From virtual money to real money
Recently we have seen an increase in Trojan horse programs that attempt to steal online gaming accounts. Massively multiplayer online role playing games (MMORPG), such as Lineage, Ragnarok Online, World of Warcraft, and Final Fantasy are often targeted by these Trojans. What is the purpose of the attacks? Money. Players can trade their virtual money or items used in their game of choice online, at a special market called RMT (Real Money Trading). RMT is run by third parties and is not usually permitted by the official game vendors; however, RMT has become a big market. A recent report stated that RMT has traded more than two billion USD thus far in 2006. So, if attackers can steal gaming account information from compromised computers, they can easily sell virtual money for real money in the RMT market.
Attackers use a variety of methods to install Trojans on compromised computers. One of these ways is to use a Web site. In the past, attackers used to disguise Trojans as cheat codes or cheat tools and simply place a bogus link on the site, which then linked to the Trojan threats that were waiting on another Web page or BBS. Now, the attackers use large-scale tricks to obtain money. They hijack vulnerable Web sites and insert exploit code for Web browsers within pages on the infected site. If you visit an infected Web site while running a vulnerable browser, a Trojan horse could be downloaded and silently executed on your computer. In another recent case, we received a report that attackers purchased advertisement space with Google and Yahoo for their own Web sites. People who are interested in a particular game run the risk of visiting the attacker's Web sites by clicking on those ads. Attackers could efficiently gather together the targeted victims and their gaming account information using this method. I have no idea how much money they spent on the ads, but it seems that at the very least the attackers thought that purchasing ads would pay off for their future business.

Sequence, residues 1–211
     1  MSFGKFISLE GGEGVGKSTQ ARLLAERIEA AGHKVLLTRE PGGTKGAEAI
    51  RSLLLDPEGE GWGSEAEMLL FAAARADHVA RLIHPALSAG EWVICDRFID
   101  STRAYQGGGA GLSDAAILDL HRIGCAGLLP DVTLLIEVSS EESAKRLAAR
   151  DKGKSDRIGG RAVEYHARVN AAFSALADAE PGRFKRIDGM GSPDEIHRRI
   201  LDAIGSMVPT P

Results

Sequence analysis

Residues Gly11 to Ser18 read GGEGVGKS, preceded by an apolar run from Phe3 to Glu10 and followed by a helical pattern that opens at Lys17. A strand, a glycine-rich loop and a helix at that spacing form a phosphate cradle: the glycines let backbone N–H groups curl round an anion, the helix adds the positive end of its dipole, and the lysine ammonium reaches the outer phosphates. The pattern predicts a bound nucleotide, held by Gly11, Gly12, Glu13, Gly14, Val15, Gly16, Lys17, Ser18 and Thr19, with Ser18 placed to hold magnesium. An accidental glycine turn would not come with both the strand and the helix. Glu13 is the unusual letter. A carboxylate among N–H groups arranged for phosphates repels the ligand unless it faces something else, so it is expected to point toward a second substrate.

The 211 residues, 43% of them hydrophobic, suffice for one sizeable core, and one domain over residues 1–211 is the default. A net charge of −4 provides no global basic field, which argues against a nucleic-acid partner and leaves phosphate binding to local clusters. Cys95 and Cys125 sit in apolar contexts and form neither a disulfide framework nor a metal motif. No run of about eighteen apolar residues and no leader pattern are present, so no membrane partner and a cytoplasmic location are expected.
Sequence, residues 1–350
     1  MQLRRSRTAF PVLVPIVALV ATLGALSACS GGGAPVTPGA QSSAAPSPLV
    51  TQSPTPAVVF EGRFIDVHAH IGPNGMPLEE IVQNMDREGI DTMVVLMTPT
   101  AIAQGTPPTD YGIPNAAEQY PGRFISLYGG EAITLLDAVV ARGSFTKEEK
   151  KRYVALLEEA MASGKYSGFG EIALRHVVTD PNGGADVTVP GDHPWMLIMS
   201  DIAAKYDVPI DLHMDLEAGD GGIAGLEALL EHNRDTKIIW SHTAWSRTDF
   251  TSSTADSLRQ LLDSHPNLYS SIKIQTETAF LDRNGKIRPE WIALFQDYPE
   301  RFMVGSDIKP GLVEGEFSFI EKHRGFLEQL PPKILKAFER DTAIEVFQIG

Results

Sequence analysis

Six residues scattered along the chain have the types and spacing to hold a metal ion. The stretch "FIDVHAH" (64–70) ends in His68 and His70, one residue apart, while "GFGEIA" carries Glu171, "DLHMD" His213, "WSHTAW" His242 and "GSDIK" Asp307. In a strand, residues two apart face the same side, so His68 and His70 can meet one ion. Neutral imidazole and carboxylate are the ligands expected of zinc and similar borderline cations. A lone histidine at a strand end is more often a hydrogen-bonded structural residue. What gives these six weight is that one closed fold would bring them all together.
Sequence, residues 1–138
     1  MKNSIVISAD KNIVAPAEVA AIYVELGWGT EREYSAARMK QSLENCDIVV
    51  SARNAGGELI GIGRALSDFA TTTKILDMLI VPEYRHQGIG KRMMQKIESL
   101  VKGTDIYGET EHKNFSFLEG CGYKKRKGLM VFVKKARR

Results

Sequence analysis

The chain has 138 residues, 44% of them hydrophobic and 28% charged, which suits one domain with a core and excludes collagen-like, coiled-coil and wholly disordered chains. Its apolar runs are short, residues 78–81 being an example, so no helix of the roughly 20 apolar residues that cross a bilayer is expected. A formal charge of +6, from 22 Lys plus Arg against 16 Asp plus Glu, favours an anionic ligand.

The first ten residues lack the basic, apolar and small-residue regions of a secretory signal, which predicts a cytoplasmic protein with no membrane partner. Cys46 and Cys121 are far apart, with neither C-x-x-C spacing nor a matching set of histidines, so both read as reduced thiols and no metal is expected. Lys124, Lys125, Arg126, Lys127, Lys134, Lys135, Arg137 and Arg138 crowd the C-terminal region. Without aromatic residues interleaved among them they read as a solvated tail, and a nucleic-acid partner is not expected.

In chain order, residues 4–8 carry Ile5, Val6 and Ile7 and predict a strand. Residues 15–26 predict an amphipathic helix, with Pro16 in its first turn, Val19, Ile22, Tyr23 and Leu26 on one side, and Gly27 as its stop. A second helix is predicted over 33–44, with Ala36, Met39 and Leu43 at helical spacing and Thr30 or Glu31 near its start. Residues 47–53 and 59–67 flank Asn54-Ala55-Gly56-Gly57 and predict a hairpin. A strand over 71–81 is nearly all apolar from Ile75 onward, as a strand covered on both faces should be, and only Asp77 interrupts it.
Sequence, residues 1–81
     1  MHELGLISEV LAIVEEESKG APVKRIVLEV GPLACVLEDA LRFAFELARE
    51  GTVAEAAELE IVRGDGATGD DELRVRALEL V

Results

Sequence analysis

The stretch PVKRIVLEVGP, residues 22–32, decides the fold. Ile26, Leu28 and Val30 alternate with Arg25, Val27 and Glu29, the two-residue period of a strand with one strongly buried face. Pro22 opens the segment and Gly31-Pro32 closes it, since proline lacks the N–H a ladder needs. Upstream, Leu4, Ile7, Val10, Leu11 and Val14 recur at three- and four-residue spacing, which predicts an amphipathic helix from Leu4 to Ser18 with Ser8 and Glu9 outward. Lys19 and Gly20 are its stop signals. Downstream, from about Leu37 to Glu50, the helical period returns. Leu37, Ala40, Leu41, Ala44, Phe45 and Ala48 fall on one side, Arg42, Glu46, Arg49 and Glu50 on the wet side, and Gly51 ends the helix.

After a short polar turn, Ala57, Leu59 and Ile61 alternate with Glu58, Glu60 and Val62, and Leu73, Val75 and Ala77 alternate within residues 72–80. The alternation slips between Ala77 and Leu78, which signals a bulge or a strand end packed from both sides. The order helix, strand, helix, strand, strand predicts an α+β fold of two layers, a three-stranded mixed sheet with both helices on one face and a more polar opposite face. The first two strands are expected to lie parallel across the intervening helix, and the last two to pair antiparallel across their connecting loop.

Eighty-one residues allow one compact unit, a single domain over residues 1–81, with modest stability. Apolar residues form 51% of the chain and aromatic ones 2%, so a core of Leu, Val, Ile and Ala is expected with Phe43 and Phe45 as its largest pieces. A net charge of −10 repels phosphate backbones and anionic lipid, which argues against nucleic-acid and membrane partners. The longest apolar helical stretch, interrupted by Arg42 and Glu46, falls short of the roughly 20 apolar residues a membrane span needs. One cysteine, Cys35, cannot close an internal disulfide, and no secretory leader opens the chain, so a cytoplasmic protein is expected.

File infectors are also used for distributing Trojan horse programs. Polymorphic viruses (like W32.Detnat and W32.Bacalid) infect executable files and download additional malicious code (in the form of Infostealer.Lineage) from the Internet. Attackers may decide to use file infectors to distribute the Trojan for two reasons. First, file infectors are much slower to propagate than worms, therefore they are not as conspicuous. Second, file infectors are difficult to remove completely from compromised computers because of file names and MD5s that are constantly changing.
Online games generally use authentication with a username and password combination. Accordingly, simple key logging programs can steal enough information to put the details of the online account at risk. Online banks have been facing similar problems. To further protect customers from attacks, banks have been updating and improving their authentication security. Online game vendors may have to take a similar approach to the “real money” banks very soon.